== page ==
Jennifer: Yeah, you’re not just treating that consultation almost like a therapy session, because at the end of the day, your attorney, we are here to help you with your legal problems. We are not here to be your best friend. We’re not here to be your emotional support throughout the divorce. I don’t know that a lot of litigants understand that. Again, it’s really important for the litigants to know what their expectations are from their attorney and for the attorney to set out what their expectations are from the litigants. Only when you have that communication and that discussion are you both going to be on the same page and be happy and have a fruitful relationship and everything. At the end of the day, as your attorney, I am here to fight for you. I heard another attorney, he’s in New York, and I don’t remember his name off the top of my head. He just recently wrote a book about divorce, but I heard him on another podcast referencing himself as, “I am your shield, and I am your sword.” Your attorney is there to protect you and your attorney is there to fight for you. The last thing we want to be doing is fighting with you. I want to be fighting for you against your ex and against their attorney. I don’t want to be having issues with you, the client. That starts off by making sure that we get along, that we’re on the same page, and that expectations are set early on. You as the litigant have to meet with possibly several attorneys to find that perfect fit, and not be afraid to ask the questions, and not be afraid that your question’s stupid, or the person is going to be judging, or thinking that you’re clueless about this. That’s the whole point of having a consultation.
Jessica: That’s a great point because I think that there are a lot of people who come into it, and really need a lot of hand-holding. They really need a lot of communication, and they really need to hear from their lawyer every step of the way. They want to be CC’d on the emails that the lawyer is sending so they can really feel like they are looped into the situation. Not that they’re controlling the flow, but that they feel like they have a sense of control because they’re part of what’s happening there. How do you feel about that? Is that an unrealistic expectation?
Jennifer: No, it depends on what it is that they’re asking for, and that’s a discussion that has to be had. Because I’ve certainly had clients who have indicated to me, “Well, I thought that we would talk before you do anything. I thought we would have a discussion.” or “All the letters and emails that are going to go over to the other side, I’m going to get to review those first.” Well, we can do that if that’s what you want, but the other component that goes along with all of this is you’re going to be billed for that. Right, the money. Okay? It’s really important that one of those conversations very early on that you have with your attorney and the attorney has with you is about billing. Every one of our clients during the consultation, we talk about billing. It’s in the retainer agreement. Yes, you need to read the retainer agreement. A lot of litigants don’t. They just go to the last page and they sign. Again, it’s unpleasant, so you’re just trying to get through it as quickly as you can. Sitting in the office or doing a Zoom with me, talking to me about your divorce is the last thing you want to be doing. Some litigants gloss over those finer details and points, but it’s really important.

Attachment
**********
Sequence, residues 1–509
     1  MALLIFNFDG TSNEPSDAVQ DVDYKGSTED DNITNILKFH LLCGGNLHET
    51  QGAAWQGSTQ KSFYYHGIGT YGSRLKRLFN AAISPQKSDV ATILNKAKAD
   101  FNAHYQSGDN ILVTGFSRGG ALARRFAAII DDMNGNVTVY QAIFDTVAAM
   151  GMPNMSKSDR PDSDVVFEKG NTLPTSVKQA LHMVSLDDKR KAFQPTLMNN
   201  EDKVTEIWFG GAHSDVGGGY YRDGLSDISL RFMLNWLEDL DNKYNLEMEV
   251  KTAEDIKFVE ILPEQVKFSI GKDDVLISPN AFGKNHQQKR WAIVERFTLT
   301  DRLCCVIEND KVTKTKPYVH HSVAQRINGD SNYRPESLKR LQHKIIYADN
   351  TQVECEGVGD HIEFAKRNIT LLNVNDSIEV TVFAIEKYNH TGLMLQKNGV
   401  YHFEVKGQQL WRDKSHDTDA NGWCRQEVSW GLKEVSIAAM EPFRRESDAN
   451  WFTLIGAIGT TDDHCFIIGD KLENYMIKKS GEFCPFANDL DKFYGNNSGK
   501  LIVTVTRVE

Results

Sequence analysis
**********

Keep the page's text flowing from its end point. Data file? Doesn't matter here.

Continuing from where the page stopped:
One of the things that we do when we get a newly retained client is sending out a new client notebook. There’s a whole section in that new client notebook about billing. Every time you talk to your attorney, you are being billed. Every time you call your attorney, email your attorney, text your attorney, every communication you’re being billed. Sometimes clients who have never worked with an attorney before don’t understand that until they get that first bill. They see that in the first month they’ve gone through thousands of dollars because they’ve called their attorney about every little thing their ex has done, or every thought that’s popped into their head. That’s unfortunate because now you’ve just gone through a lot of money that you may not be able to replenish. Where has it gotten you? I mean, there are always the complaints that we hear about all the time. I have an attorney, I paid them all this money, and they did nothing for me. Well, is that really true? Is that really true that they did nothing?
TH: Right. Your therapy bill just went down by $1,000 because your legal fees were up.
Jennifer: Right. This is the thing. You pay for an attorney’s time. You’re not paying for results.
Jessica: That’s a really important distinction.